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Structural Flexibility of Tau in Its Interaction with Microtubules as Viewed by Site-Directed Spin Labeling EPR Spectroscopy

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Tau Protein

Abstract

Tau is a microtubule-associated protein that belongs to the Intrinsically Disordered Proteins (IDPs) family. IDPs or Intrinsically Disordered Regions (IDRs) play key roles in protein interaction networks and their dysfunctions are often related to severe diseases. Defined by their lack of stable secondary and tertiary structures in physiological conditions while being functional, these proteins use their inherent structural flexibility to adapt to and interact with various binding partners. Knowledges on the structural dynamics of IDPs and their different conformers are crucial to finely decipher fundamental biological processes controlled by mechanisms such as conformational adaptations or switches, induced fit, or conformational selection events. Different mechanisms of binding have been proposed: among them, the so-called folding-upon-binding in which the IDP adopts a certain conformation upon interacting with a partner protein, or the formation of a “fuzzy” complex in which the IDP partly keeps its dynamical character at the surface of its partner. The dynamical nature and physicochemical properties of unbound as well as bound IDPs make this class of proteins particularly difficult to characterize by classical bio-structural techniques and require specific approaches for the fine description of their inherent dynamics.

Among other techniques, Site-Directed Spin Labeling combined with Electron Paramagnetic Resonance (SDSL-EPR) spectroscopy has gained much interest in this last decade for the study of IDPs. SDSL-EPR consists in grafting a paramagnetic label (mainly a nitroxide radical) at selected site(s) of the macromolecule under interest followed by its observation using and/or combining different EPR strategies. These nitroxide spin labels detected by continuous wave (cw) EPR spectroscopy are used as perfect reporters or “spy spins” of their local environment, being able to reveal structural transitions, folding/unfolding events, etc. Another approach is based on the measurement of inter-label distance distributions in the 1.5–8.0 nm range using pulsed dipolar EPR experiments, such as Double Electron-Electron Resonance (DEER) spectroscopy. The technique is then particularly well suited to study the behavior of Tau in its interaction with its physiological partner: microtubules (MTs). In this chapter we provide a detailed experimental protocol for the labeling of Tau protein and its EPR study while interacting with preformed (Paclitaxel-stabilized) MTs, or using Tau as MT inducer. We show how the choice of nitroxide label can be crucial to obtain functional information on Tau/tubulin complexes.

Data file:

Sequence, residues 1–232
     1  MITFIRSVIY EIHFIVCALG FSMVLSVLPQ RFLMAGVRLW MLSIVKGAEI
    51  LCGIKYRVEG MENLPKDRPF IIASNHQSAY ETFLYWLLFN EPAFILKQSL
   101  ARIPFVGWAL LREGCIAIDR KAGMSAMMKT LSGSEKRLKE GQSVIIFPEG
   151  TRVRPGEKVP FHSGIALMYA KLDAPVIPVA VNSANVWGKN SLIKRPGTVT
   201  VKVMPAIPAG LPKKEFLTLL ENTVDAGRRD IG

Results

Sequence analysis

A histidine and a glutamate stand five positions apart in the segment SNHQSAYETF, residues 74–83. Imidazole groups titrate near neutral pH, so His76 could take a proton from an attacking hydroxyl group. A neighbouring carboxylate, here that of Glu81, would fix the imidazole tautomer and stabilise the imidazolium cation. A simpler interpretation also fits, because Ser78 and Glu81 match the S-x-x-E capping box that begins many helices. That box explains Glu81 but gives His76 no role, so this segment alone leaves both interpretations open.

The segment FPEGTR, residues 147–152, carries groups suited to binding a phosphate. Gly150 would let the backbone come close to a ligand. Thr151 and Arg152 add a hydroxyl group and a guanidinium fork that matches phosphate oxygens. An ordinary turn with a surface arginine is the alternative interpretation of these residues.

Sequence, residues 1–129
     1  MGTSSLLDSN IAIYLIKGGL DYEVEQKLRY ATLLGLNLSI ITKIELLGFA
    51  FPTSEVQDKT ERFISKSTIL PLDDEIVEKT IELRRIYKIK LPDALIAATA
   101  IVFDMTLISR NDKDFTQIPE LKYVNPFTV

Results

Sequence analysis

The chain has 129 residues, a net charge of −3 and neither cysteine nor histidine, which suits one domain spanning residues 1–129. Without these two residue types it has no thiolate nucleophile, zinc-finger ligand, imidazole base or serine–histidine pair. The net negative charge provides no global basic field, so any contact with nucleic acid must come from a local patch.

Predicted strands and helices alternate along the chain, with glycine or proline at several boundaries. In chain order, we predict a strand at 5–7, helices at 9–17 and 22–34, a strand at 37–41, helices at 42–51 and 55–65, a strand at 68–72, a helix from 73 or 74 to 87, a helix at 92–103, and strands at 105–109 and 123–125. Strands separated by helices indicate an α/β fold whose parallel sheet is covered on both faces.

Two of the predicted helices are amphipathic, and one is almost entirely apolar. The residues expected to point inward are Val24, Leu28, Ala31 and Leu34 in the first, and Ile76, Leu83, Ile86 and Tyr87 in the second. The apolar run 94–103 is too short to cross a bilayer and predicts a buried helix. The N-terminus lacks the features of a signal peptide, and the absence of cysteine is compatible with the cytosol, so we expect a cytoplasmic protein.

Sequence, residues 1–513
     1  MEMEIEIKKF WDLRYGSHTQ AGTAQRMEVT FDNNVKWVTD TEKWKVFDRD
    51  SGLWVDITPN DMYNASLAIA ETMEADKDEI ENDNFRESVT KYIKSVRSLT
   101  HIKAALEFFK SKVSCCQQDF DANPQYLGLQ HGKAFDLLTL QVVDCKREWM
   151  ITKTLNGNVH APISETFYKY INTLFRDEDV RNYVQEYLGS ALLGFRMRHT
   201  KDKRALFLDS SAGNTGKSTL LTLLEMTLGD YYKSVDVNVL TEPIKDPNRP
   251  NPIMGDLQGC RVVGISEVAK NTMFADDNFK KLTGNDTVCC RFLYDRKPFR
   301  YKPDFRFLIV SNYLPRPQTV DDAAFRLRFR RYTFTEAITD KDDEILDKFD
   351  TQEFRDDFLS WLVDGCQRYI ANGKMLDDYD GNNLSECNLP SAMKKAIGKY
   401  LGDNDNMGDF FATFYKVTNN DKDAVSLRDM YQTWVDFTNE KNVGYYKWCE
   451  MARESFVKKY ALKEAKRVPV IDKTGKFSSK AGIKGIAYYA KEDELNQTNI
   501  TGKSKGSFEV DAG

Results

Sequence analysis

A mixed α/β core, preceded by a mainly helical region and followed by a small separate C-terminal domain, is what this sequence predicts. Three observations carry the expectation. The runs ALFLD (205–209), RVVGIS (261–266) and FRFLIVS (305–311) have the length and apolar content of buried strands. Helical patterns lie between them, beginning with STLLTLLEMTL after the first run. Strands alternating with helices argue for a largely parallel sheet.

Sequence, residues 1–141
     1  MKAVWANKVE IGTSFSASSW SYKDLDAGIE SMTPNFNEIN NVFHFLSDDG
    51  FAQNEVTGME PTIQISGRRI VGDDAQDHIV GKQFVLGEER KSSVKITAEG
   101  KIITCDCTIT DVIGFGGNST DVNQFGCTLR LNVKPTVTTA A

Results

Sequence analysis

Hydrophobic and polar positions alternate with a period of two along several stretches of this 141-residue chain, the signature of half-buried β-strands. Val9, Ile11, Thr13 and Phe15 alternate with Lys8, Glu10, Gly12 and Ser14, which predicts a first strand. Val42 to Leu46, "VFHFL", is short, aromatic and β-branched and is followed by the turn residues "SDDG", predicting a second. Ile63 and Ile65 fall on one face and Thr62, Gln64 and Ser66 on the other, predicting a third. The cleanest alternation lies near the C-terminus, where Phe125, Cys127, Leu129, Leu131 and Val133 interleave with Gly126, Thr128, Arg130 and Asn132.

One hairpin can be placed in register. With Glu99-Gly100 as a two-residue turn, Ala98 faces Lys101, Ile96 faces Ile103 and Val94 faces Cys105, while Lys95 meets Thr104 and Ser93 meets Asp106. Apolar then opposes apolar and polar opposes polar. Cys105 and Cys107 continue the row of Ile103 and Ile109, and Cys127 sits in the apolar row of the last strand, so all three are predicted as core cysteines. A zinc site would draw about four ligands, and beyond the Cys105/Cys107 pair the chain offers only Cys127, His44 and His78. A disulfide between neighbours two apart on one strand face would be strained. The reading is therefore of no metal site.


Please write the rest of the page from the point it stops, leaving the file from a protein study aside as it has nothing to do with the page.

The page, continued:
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Acknowledgments

This work was supported by the Agence Nationale de la Recherche (ANR-21-CE29-0024 MAGNETAU), the Centre National de la Recherche Scientifique (CNRS), and Aix-Marseille Université (AMU). Financial support from the IR INFRANALYTICS FR2054 for conducting the research is gratefully acknowledged.

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Correspondence to Marlène Martinho or Pascale Barbier .

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Martinho, M. et al. (2024). Structural Flexibility of Tau in Its Interaction with Microtubules as Viewed by Site-Directed Spin Labeling EPR Spectroscopy. In: Smet-Nocca, C. (eds) Tau Protein. Methods in Molecular Biology, vol 2754. Humana, New York, NY. https://doi.org/10.1007/978-1-0716-3629-9_3

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